W3C home > Mailing lists > Public > wai-xtech@w3.org > July 2007

RE: Keyboard navigation in viewer pane - 3 scenarios.

From: Evans, Donald <Donald.Evans@corp.aol.com>
Date: Wed, 18 Jul 2007 09:26:53 -0400
Message-ID: <1D65257B9F22C84F89F812FB1C24CA8D024E3EB4@EXCHNVA02.ad.office.aol.com>
To: "Chris Blouch" <cblouch@aol.com>, <Earl.Johnson@Sun.COM>
Cc: <wai-xtech@w3.org>

There are actually a number of other things that can take key strokes.  Browser add ons like the Yahoo toolbar, other programs like snagit.  The considerations are endless.

I honestly think the best way is to provide a default set of keys, but have user preferences that will allow a user to change them if needed.

-----Original Message-----
From: wai-xtech-request@w3.org [mailto:wai-xtech-request@w3.org] On Behalf Of Chris Blouch
Sent: Tuesday, July 17, 2007 3:10 PM
To: Earl.Johnson@Sun.COM
Cc: wai-xtech@w3.org
Subject: Re: Keyboard navigation in viewer pane - 3 scenarios.

Hence my original cautionary note. Not to throw cold water on things but 
in addition to the OS and browser we need to consider that screen 
readers also reduce the number of available key combinations. Luckily 
much of the alt key combination space is unclaimed so while 1:1 parity 
with desktop apps may not be possible, similar alt-key combinations 
should be.


Earl.Johnson@Sun.COM wrote:
> Bummer but thanks Charles.
> This makes it sound like there is no way to guarantee browser and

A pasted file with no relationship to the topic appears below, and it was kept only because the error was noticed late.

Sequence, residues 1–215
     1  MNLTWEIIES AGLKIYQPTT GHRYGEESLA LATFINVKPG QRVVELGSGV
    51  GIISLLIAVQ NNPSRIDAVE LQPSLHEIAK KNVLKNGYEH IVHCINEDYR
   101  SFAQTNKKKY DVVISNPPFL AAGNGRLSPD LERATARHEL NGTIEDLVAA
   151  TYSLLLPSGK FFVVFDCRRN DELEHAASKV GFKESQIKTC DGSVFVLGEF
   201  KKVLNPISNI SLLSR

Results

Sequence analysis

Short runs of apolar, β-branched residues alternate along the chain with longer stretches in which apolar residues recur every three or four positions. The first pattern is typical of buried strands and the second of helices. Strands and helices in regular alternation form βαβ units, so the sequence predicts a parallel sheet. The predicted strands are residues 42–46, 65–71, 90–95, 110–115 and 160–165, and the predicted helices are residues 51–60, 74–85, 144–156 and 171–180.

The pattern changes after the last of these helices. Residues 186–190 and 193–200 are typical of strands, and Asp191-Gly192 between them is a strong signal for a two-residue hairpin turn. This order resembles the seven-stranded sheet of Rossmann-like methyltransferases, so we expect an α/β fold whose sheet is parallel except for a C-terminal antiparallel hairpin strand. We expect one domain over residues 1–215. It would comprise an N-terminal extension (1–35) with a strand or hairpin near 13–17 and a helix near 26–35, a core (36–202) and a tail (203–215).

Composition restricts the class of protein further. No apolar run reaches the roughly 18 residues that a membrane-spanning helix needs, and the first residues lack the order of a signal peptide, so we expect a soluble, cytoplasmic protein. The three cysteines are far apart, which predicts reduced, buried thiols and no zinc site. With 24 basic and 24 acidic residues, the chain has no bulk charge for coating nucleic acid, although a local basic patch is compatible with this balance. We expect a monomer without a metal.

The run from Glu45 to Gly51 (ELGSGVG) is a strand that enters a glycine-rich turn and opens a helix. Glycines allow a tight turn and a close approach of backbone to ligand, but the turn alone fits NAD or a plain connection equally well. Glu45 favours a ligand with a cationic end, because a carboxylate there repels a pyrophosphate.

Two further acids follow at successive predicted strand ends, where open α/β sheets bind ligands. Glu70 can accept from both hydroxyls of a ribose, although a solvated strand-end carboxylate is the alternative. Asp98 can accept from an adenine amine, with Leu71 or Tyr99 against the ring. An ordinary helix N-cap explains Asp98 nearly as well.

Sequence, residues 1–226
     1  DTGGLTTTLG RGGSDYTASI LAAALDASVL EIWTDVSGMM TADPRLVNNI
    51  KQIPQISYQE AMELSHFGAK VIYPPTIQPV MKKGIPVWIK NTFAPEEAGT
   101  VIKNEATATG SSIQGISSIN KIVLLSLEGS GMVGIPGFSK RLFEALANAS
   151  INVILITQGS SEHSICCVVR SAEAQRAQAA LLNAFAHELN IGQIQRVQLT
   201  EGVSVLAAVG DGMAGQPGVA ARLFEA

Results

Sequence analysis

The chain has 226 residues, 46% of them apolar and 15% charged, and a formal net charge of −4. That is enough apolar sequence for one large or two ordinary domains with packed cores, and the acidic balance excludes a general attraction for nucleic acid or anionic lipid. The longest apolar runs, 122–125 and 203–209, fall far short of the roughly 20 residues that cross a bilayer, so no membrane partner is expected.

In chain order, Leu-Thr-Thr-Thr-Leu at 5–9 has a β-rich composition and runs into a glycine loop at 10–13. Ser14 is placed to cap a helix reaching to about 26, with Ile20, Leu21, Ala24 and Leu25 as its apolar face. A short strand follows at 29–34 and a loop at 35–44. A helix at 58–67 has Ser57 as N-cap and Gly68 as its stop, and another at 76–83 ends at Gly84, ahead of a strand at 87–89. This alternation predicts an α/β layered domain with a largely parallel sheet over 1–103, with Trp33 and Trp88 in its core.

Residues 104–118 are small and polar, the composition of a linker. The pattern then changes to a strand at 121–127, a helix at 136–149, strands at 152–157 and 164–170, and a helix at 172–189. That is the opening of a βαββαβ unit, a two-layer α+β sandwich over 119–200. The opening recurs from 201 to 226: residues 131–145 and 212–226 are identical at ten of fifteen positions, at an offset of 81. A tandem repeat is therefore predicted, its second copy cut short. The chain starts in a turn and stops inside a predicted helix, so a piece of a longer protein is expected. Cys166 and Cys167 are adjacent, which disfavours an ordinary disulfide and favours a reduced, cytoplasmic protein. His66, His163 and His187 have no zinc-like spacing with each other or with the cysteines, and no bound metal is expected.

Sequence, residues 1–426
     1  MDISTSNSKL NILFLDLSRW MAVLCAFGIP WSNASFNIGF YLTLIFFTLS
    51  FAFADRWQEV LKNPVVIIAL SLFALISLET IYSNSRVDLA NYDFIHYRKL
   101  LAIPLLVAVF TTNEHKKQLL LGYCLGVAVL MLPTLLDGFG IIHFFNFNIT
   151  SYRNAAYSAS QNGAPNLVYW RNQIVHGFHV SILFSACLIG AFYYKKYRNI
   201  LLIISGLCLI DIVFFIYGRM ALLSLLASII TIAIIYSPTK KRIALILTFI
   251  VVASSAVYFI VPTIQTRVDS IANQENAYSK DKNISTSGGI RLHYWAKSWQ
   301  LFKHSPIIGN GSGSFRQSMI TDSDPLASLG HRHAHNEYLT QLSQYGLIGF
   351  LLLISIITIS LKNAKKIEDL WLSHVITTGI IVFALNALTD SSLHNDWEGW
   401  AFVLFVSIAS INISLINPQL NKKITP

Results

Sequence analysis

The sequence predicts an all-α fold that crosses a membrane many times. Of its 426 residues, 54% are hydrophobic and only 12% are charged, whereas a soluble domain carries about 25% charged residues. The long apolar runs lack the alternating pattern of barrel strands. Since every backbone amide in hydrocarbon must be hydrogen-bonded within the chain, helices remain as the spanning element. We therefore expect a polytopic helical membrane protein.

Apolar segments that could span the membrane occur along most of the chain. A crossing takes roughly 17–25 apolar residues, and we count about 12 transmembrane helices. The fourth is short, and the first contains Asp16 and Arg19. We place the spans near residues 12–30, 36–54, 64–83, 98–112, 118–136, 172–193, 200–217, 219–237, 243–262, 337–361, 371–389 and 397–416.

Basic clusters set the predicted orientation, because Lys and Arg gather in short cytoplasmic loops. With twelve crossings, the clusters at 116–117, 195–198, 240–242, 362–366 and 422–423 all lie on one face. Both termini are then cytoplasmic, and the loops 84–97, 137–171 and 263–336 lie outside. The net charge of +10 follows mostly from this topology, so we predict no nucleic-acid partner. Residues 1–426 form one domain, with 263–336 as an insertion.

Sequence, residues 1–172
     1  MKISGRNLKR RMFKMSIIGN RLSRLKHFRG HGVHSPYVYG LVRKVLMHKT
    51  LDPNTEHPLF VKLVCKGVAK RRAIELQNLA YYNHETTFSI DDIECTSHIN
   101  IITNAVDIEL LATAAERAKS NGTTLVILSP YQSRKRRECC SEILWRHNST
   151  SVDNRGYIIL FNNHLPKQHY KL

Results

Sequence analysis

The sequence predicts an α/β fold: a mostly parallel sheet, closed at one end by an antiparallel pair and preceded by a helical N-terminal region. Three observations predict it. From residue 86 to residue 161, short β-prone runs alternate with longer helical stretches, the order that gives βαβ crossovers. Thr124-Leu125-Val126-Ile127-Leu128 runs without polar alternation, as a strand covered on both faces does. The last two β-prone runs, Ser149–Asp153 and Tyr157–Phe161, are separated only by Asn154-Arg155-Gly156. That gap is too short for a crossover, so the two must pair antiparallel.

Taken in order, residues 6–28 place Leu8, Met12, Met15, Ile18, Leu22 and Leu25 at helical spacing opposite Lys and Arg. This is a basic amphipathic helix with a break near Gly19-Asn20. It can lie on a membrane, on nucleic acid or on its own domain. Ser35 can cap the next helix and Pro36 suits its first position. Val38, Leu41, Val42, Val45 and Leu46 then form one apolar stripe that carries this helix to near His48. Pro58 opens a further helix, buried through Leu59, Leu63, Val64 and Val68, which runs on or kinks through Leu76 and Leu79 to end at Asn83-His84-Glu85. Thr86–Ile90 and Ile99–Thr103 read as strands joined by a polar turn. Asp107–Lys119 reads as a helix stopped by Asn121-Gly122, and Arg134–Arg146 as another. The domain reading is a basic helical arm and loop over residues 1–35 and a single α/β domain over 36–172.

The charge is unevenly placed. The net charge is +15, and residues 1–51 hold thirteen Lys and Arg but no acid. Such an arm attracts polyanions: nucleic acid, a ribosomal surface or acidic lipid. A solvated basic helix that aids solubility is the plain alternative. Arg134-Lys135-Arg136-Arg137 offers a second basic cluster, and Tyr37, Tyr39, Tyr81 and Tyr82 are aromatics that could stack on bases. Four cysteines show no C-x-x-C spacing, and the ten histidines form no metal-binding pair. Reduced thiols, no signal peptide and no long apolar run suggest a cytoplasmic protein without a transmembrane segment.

> desktop component key sequences can be harmonized when the browser or 
> desktop have already claimed them for another use. Is this correct or 
> is there some other way to tell the browser and desktop "send these 
> keystrokes to the web component for its use instead of claiming them"?
> Earl
> btw - it's probably clear now but the research mentioned below was all 
> "book" based, not prototype testing.
> Charles McCathieNevile wrote:
>> On Sat, 14 Jul 2007 08:29:08 +0900, Earl Johnson 
>> <Earl.Johnson@sun.com> wrote:
>>> Hi Chris;
>>> My understanding, from a researcch only stance, is all keysequences 
>>> can be repurposed in javascript so the browser never sees the keypress.
>> ...
>>> I assumed a re-purposing function/method similar to this would work 
>>> for all since jabvascript, being in the page content, always sees 
>>> the keystrokes before the browsxer even.
>> Nope, the browser decides to pass the key (or not) which it gets from 
>> the OS (or not). The web app only gets it if nobody else has already 
>> claimed it - while that is the default it doesn't always happen. 
>> Otherwise things like one-handed keyboard drivers would be impossible 
>> to write...
>> Cheers
>> Chaals
>> --  Charles McCathieNevile, Opera Software: Standards Group
>>   hablo espa˝ol  -  je parle franšais  -  jeg lŠrer norsk
>> chaals@opera.com    Catch up: Speed Dial   http://opera.com
Received on Wednesday, 18 July 2007 13:28:08 UTC

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